signal transduction system for skeletal mus-
cle. The sarcoglycans, which are part of the
DGC appear to be important for regulating the
Above: Model for mechanical sensors in skeletal muscle. The dystrophin
glycoprotein complex is poised to detect mechanical changes. Mechanical
perturbation, induced by stretch or contraction or both (shown in large red
arrows), can cause membrane distortions that are sensed by proteins span-
ning the sarcolemma, including the integrins and sarcoglycans (SG). This
leads to activation of the MAPK pathways (represented by ERK) and also
phosphorylation of SG complex members. FAK is kinase which is likely to
mediate these changes.
Quantification of Age Dependent Molecular Changes in Guinea Pig OA Model using T1ρ MRI-Ravinder Reddy, Ph.D.
Osteoarthritis (OA) is a degenerative and genetic factors. T1ρ MRI is a month old cohort and 5, 7, and 9
joint disease, which causes severe novel imaging method that has the month old cohorts. A non-significant
pain and is associated with compro- ability to generate endogenous con- increase of mean T1ρ (mean p<0.11)
mised quality of life and imparts heavy trast that is sensitive to in vivo pro- was found between the three older
toll on the health care system. Knee teoglycan content which is a key factor cohorts. Analysis of the skewness of
and hip OA cases are primarily contrib- in early stage OA development. the data shows significant differences
uting to chronic disability amongst the (p<0.001) between the 3 month old
elderly population. Currently there is The purpose of this study was to dem- cohort and the three older cohorts.
no cure for the disease and therapeu- onstrate the efficacy of T1ρ MRI in Data demonstrates that proteoglycan
tic interventions are primarily targeted quantifying age-dependent, spontane- loss has already occurred by 5 months
to symptomatic relief. Various animal ous osteoarthritic changes in the of age with late stage morphological
models have been developed to study Dunkin-Hartley guinea pig model over changes (cartilage thinning and loss)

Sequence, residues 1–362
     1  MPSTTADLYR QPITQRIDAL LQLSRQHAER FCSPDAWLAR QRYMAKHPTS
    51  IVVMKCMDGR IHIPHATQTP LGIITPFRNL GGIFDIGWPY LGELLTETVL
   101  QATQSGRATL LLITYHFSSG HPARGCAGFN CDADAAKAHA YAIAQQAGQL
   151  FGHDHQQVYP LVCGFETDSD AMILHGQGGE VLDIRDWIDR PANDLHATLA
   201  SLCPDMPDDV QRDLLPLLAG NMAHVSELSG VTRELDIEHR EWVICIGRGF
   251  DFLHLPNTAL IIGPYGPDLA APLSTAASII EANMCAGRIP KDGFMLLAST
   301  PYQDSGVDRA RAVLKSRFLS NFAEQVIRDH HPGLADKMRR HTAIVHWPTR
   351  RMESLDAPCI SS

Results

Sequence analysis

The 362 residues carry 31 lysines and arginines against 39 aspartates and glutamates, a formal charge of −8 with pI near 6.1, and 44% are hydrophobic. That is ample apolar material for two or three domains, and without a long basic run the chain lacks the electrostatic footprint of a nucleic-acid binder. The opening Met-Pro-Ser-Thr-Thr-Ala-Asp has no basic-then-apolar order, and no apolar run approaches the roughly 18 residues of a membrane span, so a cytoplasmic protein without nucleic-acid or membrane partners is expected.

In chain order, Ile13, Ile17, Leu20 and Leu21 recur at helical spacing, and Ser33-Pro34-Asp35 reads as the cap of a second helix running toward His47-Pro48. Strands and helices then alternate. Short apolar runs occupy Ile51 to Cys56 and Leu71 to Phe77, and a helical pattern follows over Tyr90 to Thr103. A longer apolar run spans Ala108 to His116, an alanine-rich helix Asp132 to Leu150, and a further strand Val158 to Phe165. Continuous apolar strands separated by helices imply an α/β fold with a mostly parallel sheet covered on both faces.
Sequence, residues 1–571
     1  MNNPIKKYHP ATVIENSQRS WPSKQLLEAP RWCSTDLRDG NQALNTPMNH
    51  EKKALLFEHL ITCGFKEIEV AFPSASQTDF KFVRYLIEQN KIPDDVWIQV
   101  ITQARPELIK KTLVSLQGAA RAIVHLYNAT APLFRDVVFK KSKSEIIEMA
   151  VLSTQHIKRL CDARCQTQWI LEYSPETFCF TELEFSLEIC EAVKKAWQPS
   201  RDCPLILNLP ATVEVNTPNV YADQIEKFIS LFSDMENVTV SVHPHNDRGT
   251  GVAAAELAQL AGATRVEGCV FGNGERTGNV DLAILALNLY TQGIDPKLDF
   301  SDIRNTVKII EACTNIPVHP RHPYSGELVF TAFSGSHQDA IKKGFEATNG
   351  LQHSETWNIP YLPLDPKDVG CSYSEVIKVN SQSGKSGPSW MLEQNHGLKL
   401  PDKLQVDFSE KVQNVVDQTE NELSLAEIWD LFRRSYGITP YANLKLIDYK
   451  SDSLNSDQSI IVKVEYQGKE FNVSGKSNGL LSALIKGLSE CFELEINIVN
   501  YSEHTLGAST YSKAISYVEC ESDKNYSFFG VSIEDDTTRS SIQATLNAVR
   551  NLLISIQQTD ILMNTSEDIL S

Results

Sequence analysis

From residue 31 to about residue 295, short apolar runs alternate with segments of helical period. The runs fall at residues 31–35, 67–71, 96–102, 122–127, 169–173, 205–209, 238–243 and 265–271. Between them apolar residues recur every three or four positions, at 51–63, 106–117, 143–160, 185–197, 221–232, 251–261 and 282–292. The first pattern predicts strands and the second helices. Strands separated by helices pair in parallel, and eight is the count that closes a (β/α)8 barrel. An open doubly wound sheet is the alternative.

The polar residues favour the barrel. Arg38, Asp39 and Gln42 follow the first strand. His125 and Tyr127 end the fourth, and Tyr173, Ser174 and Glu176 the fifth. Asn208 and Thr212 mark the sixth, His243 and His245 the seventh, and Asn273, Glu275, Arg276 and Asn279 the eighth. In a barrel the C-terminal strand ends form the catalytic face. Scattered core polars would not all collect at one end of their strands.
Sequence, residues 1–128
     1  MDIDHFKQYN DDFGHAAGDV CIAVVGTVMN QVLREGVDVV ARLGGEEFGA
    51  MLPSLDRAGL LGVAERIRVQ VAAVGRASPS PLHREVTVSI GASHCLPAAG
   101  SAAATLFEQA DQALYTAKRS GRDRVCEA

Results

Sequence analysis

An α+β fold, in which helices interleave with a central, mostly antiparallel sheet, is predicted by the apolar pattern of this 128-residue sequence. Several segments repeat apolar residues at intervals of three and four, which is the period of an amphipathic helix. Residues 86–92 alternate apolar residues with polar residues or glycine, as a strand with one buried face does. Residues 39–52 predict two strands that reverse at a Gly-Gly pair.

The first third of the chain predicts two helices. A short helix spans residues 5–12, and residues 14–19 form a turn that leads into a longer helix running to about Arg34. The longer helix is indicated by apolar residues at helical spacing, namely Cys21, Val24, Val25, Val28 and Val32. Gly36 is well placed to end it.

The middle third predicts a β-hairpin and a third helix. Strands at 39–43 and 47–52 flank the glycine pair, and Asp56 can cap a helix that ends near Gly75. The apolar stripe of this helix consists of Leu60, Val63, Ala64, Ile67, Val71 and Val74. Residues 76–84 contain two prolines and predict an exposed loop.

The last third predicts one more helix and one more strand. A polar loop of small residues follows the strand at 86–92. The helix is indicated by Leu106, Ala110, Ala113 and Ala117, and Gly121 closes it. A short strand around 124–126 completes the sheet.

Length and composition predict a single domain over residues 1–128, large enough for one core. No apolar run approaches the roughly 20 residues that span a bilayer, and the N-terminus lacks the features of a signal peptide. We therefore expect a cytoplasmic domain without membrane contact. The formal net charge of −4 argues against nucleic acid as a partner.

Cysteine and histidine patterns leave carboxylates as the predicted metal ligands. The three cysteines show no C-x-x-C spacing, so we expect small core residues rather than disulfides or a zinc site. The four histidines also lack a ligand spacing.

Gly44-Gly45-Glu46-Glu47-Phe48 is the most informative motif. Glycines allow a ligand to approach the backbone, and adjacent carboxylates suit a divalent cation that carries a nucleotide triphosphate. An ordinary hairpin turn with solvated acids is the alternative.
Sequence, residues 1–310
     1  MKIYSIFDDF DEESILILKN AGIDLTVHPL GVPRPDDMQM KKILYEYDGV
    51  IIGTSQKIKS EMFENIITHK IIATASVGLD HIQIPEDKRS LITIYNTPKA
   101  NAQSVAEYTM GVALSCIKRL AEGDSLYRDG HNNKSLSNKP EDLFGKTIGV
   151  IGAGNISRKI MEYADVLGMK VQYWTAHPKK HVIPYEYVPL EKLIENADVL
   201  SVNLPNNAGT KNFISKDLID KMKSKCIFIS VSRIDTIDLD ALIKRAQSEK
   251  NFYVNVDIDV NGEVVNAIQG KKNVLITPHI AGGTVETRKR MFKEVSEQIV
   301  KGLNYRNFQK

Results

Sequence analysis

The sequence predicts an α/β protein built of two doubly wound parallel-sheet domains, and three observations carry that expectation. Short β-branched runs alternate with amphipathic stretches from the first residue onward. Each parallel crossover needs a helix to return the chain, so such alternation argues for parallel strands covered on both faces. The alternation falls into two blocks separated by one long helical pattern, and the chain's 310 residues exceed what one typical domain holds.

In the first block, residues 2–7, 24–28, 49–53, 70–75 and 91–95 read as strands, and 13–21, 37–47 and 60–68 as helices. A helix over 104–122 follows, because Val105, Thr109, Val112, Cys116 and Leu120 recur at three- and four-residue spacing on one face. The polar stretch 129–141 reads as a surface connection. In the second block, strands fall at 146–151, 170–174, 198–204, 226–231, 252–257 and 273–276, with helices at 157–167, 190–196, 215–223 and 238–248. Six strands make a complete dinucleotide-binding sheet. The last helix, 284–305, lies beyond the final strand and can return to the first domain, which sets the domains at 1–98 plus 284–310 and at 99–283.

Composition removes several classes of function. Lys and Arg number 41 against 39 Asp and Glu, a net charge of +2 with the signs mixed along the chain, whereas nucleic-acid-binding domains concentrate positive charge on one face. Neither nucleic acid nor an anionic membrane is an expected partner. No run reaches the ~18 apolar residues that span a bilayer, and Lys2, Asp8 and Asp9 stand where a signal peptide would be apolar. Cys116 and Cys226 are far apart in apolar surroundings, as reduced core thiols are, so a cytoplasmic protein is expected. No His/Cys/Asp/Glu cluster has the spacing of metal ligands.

the progression of OA. Guinea pigs are a period of 10 months. Four age occurring by 9 months.
unique in that OA progression occurs cohorts (3, 5, 7, and 9 month old)
spontaneously and develops much were scanned with the T1ρ MRI proto- These studies demonstrate the poten-
quicker than in other models. Age col. Immediately following imaging, tial of T1ρ mapping in quantifying
dependent biochemical analysis of the animals were sacrificed and tissue early molecular changes associated
Dunkin-Hartley guinea pig stifle has was harvested for histological analysis with spontaneous cartilage degenera-
been studied extensively demonstrat- for confirmation of OA. For age- tion by 5 months of age.
ing spontaneous OA progression. dependent T1ρ analysis, a one-tailed
Evidence suggests a multi-factorial unpaired t-test with unequal variance T1ρ MRI coupled with the spontane-
etiology of OA by combinations of was performed to determine signifi- ous OA model potentially enable test-
biomechanical (non-optimal loading cant changes between cohorts. There ing of disease modifying osteoarthritis Please turn to page 4 for image
stresses/trauma), biochemical was a significant (p<0.001) increase drugs in vivo in a time efficient and corresponding to this research
(breakdown of proteoglycan matrix), of mean T1ρ value between the 3 cost effective manner.
Below-Image from Dr. Reddy’s research (story, page 3)
3 month 5 month 7 month 9 month
0 40 140 0 40 140 0 40 120 0 40 180
Figure 1 - Representative T1ρ map overlays of four age cohorts with T1ρ histogram distributions. Color-bar values are in
PCMD Visiting Professorship Sylvan M. Cohen Annual Retreat with Center for Bone Health
Poster Session on Aging 2010
Structurally Sound: Bone Health and Aging
Tuesday, May 18, 2010, 1:00- Friday, May 14, 2010, 12:00-1:00
2:00pm/BRB 251 The 2010 Sylvan M. Cohen Annual Retreat with pm/Room TBA
Scott A. Rodeo, MD Poster Session on Aging will take place April
Optimizing Bone Health in Children
28, 2010, in Houston Hall here on Penn's cam-
“The Role of Mechanical Loading in and Adolescents
Tendon-to-Bone Healing: Our Experi- Catherine Gordon, M.D., MSc, Direc-
The Institute on Aging will be partnering with
ence with Small Animal Models” tor Bone Health Program, Children’s
the Penn Center for Musculoskeletal Disorders
to present the 2010 retreat, with its focus on Hospital Boston
Professor of Orthopaedic Surgery,
Weill Cornell Medical College, New "Structurally Sound: Bone Health and Aging"
York, NY and annual poster session. For more information, contact:
There is no charge to attend and the public is Michael A. Levine, M.D., FAAP, FACP
Attending Orthopaedic Surgeon, New welcome. For more information about this Chief, Division of Endocrinology and
York-Presbyterian Hospital event, please visit: Diabetes
Attending Orthopaedic Surgeon, Hospi- http://www.med.upenn.edu/aging/index.shtml The Children's Hospital of Philadel-
tal for Special Surgery, New York, NY phia
215-590-3618 - phone
215-590-3053 - fax